There’s no denying how much better cars look when they sit long and low to the ground. The simple act of dropping some lowered springs into a car can transform even the ugliest cars into something.. well.. a lot less ugly. There’s other benefits to be had, too, so why wouldn’t you do it?
Car suspension technology has come a long way over the past 20 years or so. In the past, cars were either set up for comfort and rode on high suspension which leaned through turns and wobbled across imperfections, or they were set up lower and stiffer for a more ‘sporty’ ride. For cars belonging to the former category, fitting lowered suspension was seen as a fantastic way to transform a vehicle’s handling and improve on the setup the manufacturer provided. But a lot has changed since then.
Today, cars generally strike a much better balance between ride quality and handing. On average they sit lower than they used to, whilst still providing good ride comfort and handling. Car suspension setups are always a compromise, but it’s this compromise that helps you live with them day to day.
Manufacturers spend millions of dollars in research and development to try and achieve a perfect balance between ride quality and handling – so the question as to whether you should throw all that out the window and fit new springs and shock absorbers to lower the vehicle is suddenly a much more difficult proposition to accept. Firstly, let’s look at the benefits and drawbacks of lowering your car:
- Lower centre of gravity. Like the name suggests, lowered suspension lets your car sit closer to the ground and increases stability through turns or during emergency manoeuvres.
- More aerodynamic. With the car sitting lower, there’s less air going underneath, which can reduce the amount of drag imposed on the vehicle.
- Improved handling. Generally, a lowered vehicle will handle better and sit flatter through turns. However, this may not always be the case.
- Increased visual appeal. There’s no denying lowered cars can look fantastic. It adds a great deal of visual appeal to your vehicle.
- Reduction in ride quality. Depending on how much the car has been lowered and the type of springs and shock absorbers used, there will either be a slight or dramatic loss of ride quality. The car will be more jiggly and you’ll notice new bumps in the road which previously would have been ironed out by your standard suspension doing its job properly.
- Increased wear and tear. Lowered suspension inherently has less “give” or travel available, meaning your car will hit harder and slam into pot holes or other road imperfections. This increases the chances of damaging your wheels and increases wear on other suspension components. The increased wear and tear also applies to your car’s interior, which results in an ever increasing amount of rattles and creaking noise, as the fasteners used to secure components gradually loosen. This will eventually make your vehicle feel ‘older’ than equivalent vehicles that are still riding on standard suspension, potentially impacting resale values.
- Increased bottoming out. We’ve all seen it – drivers of lowered vehicles entering driveway ramps at ridiculously low speeds and also on angles, in an attempt to reduce their chances of scraping the front bumper, rear bumper or underside along the ground. Contact with the ground obviously causes damage to the car, ranging from wear marks on the front or rear bumpers, through to damage to the exhaust system or the bottom of the engine.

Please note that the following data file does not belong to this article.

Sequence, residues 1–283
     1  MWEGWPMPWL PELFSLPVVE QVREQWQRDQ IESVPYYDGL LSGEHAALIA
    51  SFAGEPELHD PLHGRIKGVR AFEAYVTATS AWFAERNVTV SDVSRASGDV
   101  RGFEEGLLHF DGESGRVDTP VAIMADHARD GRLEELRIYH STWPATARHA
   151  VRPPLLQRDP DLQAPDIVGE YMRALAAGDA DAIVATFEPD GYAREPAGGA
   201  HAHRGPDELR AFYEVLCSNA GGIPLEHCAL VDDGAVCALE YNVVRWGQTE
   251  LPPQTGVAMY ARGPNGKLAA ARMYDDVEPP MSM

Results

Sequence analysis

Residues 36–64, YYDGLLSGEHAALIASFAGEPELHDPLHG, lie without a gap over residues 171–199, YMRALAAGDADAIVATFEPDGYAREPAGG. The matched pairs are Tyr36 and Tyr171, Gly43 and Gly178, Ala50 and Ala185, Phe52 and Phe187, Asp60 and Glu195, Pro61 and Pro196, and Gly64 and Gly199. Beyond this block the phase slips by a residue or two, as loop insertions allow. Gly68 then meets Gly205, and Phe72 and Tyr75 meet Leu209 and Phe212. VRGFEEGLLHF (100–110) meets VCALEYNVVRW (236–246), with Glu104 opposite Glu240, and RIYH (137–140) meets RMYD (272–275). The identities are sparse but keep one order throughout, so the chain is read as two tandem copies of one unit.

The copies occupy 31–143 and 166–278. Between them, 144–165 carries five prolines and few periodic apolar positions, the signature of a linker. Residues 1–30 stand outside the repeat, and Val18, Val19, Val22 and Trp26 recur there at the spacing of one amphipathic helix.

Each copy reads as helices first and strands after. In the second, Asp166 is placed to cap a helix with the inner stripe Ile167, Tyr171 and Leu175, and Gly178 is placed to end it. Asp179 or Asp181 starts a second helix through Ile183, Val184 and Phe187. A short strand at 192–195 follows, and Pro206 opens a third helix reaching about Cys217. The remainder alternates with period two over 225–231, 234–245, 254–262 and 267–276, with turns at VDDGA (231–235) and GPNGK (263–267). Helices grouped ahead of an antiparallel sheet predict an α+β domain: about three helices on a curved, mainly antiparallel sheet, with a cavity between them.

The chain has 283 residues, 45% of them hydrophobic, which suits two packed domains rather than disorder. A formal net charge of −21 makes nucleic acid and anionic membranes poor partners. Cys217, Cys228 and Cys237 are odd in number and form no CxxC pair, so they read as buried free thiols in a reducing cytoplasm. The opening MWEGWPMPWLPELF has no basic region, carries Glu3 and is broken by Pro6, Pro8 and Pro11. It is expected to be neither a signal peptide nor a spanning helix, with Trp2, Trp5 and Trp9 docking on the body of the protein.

- Potential Handling problems. Lowering a car can potentially increase handling, but only if the road is perfectly smooth – which are rare to non-existant. On roads with imperfections you might actually end up cornering slower, as the car hits harder and skips across bumps. It’s the suspensions job to keep the tyres in contact with the road at all times, and lowered suspension simply cannot do it as well.
- Uneven tire wear. In some cases, lowered suspension can cause tires to wear unevenly or cause extreme wear patterns. Drivers should look out for this consequence when altering their suspension in any way.
- Rubbing on bodywork. Lowered cars are at an increased risk of having their tyres rub on the guards or inner wheel wells. The risk is more pronounced when going over bumps or whilst turning – or when both happen at once. This can result in damage to your tyres and also to the vehicle itself.
- Reduced practicality. Lowering a vehicle makes almost everything more difficult. Whether its carrying a heavy load or just trying to fit a jack under the vehicle to lift it up for routine maintenance, having lowered suspension can make a simple job a lot more difficult than it should be.
So, should I lower my vehicle?
As you’ve probably noticed, there’s a few benefits to lowering your car but there’s a hell of a lot of drawbacks that come with it. So the real answer to this question depends on you.
If the most important thing to you is how the vehicle looks and don’t care one bit about the ride quality or other associated problems, then you’ll probably love having a lowered vehicle – but bear in mind this might not always be the case. With time you may grow tired of your car’s fidgety ride and the constant scraping as you just try and drive around day to day. This affects your experience with the vehicle and might result in you selling it sooner.
Otherwise if you hope to hold onto your vehicle and enjoy it for longer, I’d highly recommend not lowering it. The increased wear and tear that you’ll inflict upon it with lowered suspension makes it a questionable proposition.
Suspension systems in modern cars mean they’re actually faster in the real world in comparison to lowered vehicles. Our roads are never perfect, so why should you drive a car that’s been setup for one?